She adds, “He never says anything to anybody to be mean-spirited—he’s got the biggest heart in the world.”
The same can be said of Reba herself, who is the face of Outnumber Hunger’s 2015 campaign, a partnership between General Mills, Feeding America and the Big Machine Label Group to help secure millions of meals on behalf of local food banks.
“I had no idea that so many people in the United States were going hungry. When I was told the statistics, I thought they were staggering and then thought, ‘Why don’t more people know about this?’ It’s a really great program,” she notes.
Between her philanthropic work, promoting her new album and a Las Vegas residency, Reba doesn’t have much time to pursue her other passion: acting. In addition to her eponymous TV series—which ran for six seasons on The WB—she has 11 movie credits and a starring role in Broadway’s Annie Get Your Gun to her name.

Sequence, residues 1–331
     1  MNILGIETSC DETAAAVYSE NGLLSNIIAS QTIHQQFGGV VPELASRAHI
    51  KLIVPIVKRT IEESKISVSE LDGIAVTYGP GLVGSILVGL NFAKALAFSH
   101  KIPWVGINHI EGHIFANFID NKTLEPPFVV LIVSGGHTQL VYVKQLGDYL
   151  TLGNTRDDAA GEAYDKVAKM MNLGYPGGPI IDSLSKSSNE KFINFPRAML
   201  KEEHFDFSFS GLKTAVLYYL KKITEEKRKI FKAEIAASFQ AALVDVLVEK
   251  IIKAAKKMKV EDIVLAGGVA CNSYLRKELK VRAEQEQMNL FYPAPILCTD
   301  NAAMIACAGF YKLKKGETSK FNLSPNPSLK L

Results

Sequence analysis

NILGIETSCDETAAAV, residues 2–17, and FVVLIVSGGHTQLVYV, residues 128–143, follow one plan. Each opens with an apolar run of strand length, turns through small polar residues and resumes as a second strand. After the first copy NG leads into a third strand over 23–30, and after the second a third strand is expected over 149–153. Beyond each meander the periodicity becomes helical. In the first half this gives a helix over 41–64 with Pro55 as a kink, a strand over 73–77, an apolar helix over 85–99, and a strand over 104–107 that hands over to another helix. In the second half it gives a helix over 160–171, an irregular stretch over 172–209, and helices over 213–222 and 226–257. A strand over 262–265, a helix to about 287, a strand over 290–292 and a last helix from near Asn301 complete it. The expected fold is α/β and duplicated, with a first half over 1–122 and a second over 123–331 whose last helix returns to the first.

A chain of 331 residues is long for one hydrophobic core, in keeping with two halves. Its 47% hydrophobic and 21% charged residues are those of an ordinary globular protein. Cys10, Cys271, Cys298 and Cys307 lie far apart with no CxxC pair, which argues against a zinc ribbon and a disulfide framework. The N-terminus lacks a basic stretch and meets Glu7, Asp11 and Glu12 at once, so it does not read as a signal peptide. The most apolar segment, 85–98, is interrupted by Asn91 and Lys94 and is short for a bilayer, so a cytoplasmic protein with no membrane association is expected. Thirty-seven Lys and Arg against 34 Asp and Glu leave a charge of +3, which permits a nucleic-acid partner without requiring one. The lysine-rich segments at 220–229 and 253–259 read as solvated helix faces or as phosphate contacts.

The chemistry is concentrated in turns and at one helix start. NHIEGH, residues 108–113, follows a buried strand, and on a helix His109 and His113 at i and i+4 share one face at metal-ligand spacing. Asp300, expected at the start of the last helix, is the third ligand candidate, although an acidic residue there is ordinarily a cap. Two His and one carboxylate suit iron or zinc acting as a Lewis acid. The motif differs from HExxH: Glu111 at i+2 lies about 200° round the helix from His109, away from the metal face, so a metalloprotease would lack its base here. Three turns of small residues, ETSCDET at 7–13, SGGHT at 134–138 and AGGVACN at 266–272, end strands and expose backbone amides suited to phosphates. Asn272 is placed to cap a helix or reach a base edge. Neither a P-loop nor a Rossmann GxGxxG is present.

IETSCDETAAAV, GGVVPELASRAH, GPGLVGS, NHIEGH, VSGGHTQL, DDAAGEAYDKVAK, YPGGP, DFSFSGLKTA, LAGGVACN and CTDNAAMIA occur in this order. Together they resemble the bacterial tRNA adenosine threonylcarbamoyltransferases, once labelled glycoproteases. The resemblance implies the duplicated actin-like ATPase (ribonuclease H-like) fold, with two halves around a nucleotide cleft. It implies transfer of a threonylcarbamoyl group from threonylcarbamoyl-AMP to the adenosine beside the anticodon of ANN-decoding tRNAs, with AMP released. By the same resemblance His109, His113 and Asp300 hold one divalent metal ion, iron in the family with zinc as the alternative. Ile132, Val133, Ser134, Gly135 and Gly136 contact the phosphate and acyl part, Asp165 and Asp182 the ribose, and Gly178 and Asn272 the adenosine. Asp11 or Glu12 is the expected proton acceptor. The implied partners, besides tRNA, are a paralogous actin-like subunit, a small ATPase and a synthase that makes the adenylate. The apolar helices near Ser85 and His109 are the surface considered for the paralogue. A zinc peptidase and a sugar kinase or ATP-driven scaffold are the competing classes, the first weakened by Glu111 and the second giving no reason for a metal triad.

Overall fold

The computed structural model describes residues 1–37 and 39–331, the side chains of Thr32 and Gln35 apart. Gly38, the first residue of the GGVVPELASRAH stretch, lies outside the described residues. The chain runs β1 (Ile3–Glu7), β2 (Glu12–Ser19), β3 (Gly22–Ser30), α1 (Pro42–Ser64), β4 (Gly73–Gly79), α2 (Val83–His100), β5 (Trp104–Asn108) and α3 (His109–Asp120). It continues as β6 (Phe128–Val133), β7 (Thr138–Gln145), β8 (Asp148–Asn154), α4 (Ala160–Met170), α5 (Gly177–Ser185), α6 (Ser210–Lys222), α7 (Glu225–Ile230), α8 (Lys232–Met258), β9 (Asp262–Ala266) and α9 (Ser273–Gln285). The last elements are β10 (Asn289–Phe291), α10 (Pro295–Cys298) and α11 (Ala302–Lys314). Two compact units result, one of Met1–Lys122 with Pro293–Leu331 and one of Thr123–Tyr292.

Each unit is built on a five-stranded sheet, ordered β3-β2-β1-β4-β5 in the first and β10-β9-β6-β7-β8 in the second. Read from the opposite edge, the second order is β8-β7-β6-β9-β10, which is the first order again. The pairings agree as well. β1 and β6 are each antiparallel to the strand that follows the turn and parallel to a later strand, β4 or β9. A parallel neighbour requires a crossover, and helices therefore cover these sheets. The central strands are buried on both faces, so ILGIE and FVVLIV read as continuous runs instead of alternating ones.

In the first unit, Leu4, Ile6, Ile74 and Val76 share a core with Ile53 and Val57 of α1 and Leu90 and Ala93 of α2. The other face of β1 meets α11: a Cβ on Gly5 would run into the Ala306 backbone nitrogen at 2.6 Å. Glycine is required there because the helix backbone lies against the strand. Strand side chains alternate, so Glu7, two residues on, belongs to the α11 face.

“[Former Reba co-star] Melissa Peterman and I have been talking about doing something together in the future,” she reveals. “We’re brainstorming and trying to figure out what we want to do. Is it a variety show or another sitcom? I’d like to go back to Broadway sometime too; we’d like to do that together.”
Another potential collaborator will be none other than daughter-in-law Kelly Clarkson, who is married to stepson Brandon Blackstock. “Kelly and I want to go ahead and tour together again like we did in 2008,” she says. “I don’t know if that will ever happen, but we’ve talked about it. We’ve also talked about Trisha Yearwood, Kelly and me doing a trio album, but we’re all so dang busy.”
Other future plans include meeting up-and-coming young singers like Dustin Lynch and Maddie & Tae, and making a “good, old-fashioned John Wayne west- ern. I think I’d be the tough and sassy [character], something in between Annie Oakley and Calamity Jane. I’m not as sweet as Annie Oakley, and I’m not as rough and tough as Calamity Jane—I’m in the middle there.”
There and nowhere else—she is the Queen of Country Music, after all. Reba is a monarch to be admired: one that rules well by laughing often, loving hard and following one very important rule when it comes to her young followers: “I don’t give advice unless I’m asked,” she says. “Otherwise, they would be like, ‘Who do you think you are?’”
We know the answer:Reba McEntire is just a gal who wants to have fun.